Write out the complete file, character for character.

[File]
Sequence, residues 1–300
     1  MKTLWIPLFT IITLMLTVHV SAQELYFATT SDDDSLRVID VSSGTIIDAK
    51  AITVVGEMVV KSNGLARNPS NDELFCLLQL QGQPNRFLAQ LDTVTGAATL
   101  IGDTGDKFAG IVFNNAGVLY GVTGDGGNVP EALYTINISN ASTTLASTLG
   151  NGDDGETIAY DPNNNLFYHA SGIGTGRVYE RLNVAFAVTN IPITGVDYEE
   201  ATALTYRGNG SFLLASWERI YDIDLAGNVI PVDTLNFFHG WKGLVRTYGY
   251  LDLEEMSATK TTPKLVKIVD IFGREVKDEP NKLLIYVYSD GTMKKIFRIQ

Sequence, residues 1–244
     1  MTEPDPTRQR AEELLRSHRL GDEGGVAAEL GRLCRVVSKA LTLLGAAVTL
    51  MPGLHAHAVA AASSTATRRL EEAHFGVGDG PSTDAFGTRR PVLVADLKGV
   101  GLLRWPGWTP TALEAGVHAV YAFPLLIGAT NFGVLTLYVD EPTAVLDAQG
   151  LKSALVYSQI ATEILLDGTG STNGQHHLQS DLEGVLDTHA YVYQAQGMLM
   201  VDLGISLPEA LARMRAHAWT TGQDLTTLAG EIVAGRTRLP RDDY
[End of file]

Sequence, residues 1–300
     1  MKTLWIPLFT IITLMLTVHV SAQELYFATT SDDDSLRVID VSSGTIIDAK
    51  AITVVGEMVV KSNGLARNPS NDELFCLLQL QGQPNRFLAQ LDTVTGAATL
   101  IGDTGDKFAG IVFNNAGVLY GVTGDGGNVP EALYTINISN ASTTLASTLG
   151  NGDDGETIAY DPNNNLFYHA SGIGTGRVYE RLNVAFAVTN IPITGVDYEE
   201  ATALTYRGNG SFLLASWERI YDIDLAGNVI PVDTLNFFHG WKGLVRTYGY
   251  LDLEEMSATK TTPKLVKIVD IFGREVKDEP NKLLIYVYSD GTMKKIFRIQ

Sequence, residues 1–244
     1  MTEPDPTRQR AEELLRSHRL GDEGGVAAEL GRLCRVVSKA LTLLGAAVTL
    51  MPGLHAHAVA AASSTATRRL EEAHFGVGDG PSTDAFGTRR PVLVADLKGV
   101  GLLRWPGWTP TALEAGVHAV YAFPLLIGAT NFGVLTLYVD EPTAVLDAQG
   151  LKSALVYSQI ATEILLDGTG STNGQHHLQS DLEGVLDTHA YVYQAQGMLM
   201  VDLGISLPEA LARMRAHAWT TGQDLTTLAG EIVAGRTRLP RDDY